Take a deep breath. It’s going to be ok. Here are a few steps to start off a content audit and keep it manageable.

Reminder: What’s the Goal of a Content Audit?

The term “content audit” is a catch-all term used by content strategists and others to describe any sort of inventory or analysis of a large amount of information. A content audit is useful for many things during a site or app redesign: Continue Reading



We live in a global world. I hear it over and over, but what does that mean? Specifically, for content creators: what does it mean to live in a global world?

Among other things, it means that your target audience may look, sound, and even think differently than it used to. And I don’t just mean they need your website translated into another language.

Take for example, a hospital in Massachusetts. They used to cater to a predominantly white, English-speaking population. Now they have a fairly large Hispanic population. What does this mean they need to change?

  • Level One: translate the website to Spanish
  • Level Two: consider the needs of the population beyond language. Do they understand healthcare in the same way? Do they need different resources, different images, or different explanations?
  • Level Three: think about the culture. Do they look for the same health-related things that the old population did? Are they looking for things the hospital is capable of providing, such as a separate portal or more in-person opportunities for communication rather than phone?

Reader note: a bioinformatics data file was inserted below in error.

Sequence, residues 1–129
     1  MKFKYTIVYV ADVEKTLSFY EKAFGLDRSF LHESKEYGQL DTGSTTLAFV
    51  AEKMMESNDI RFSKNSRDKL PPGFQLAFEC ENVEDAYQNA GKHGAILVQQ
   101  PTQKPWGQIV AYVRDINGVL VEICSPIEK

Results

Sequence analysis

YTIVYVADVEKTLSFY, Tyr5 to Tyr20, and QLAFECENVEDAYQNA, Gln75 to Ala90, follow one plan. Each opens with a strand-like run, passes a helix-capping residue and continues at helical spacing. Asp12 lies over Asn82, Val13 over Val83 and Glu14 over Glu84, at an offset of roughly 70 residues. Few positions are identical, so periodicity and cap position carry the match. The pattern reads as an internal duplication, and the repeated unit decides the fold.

• Level Four: go to the bigger picture. What might they need from a higher level, beyond what the hospital can control? (i.e. is the US health system’s requirements supporting them) Continue Reading

Huis Clos: Furnished in the Style of the Second Empire

Second EmpireThey say not to judge a book by its cover, but when I walked into a hotel in Brussels and saw it decorated “in the style of the French Second Empire,” I couldn’t help but be reminded of the Scene description of Huis Clos (No Exit, in English): a plain room furnished in the style of the French ‘Second Empire’.

One note (and potential – minor – spoiler, for those who haven’t read No Exit). No Exit takes place in Hell. The implication is that Hell, at least for some people, is decorated in the style of Louis XIV’s elegant and overly elaborate red velvet brocades and gold and gilded chandeliers. So when I see that style, I immediately laugh to myself, “welcome to Hell.” Continue Reading


Live from HxR: Overcoming Barriers to Health Equity

Overcoming Barriers to Health Equity, by Samantha Dempsey and Olga Elizarova


Whose health are we designing for?

Often the answer is “people a lot like me.” People with a job, health insurance, a stable home. But what about people who don’t have the resources we take for granted? What does it mean to design “for health?”

The first step is designing what health means. Getting 10k steps in a day? Eating 5 servings of vegetables? Really it’s more than the sum of our health-related behaviors. According to WHO, it’s “a state of complete physical, mental, and social well-being, and not merely the absence of disease or infirmity.” We align ourselves closely with the healthcare system and what it says is healthy/unhealthy. But healthcare is responsible for only about 10% of health. Social and environmental factors, genetics – these matter significantly more. These are determinants of health. Continue Reading